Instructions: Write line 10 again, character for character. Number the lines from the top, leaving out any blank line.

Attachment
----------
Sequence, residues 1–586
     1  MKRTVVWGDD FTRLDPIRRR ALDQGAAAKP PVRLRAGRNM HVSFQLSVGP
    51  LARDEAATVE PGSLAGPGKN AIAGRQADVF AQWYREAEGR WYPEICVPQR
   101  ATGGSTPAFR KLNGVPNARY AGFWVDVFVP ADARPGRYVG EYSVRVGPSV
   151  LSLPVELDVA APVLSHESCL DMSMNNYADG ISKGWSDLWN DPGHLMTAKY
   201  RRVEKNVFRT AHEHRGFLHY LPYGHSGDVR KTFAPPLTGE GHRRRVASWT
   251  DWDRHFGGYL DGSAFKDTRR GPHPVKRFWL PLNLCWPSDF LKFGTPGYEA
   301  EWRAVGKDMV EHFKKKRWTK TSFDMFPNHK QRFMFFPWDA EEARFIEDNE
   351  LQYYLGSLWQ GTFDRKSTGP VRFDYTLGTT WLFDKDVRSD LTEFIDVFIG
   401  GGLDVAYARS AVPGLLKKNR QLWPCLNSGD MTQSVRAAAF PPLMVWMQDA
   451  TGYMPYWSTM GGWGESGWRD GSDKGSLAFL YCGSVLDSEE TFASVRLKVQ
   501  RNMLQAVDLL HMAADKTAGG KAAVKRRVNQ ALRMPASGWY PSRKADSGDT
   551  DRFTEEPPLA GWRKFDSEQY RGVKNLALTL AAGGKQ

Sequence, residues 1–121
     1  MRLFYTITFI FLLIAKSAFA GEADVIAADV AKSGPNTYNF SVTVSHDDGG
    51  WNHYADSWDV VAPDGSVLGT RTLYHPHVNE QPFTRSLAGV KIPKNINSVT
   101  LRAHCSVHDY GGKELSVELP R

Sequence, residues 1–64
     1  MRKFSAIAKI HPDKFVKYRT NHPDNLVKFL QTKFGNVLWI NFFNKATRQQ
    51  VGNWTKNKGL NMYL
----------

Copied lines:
   401  GGLDVAYARS AVPGLLKKNR QLWPCLNSGD MTQSVRAAAF PPLMVWMQDA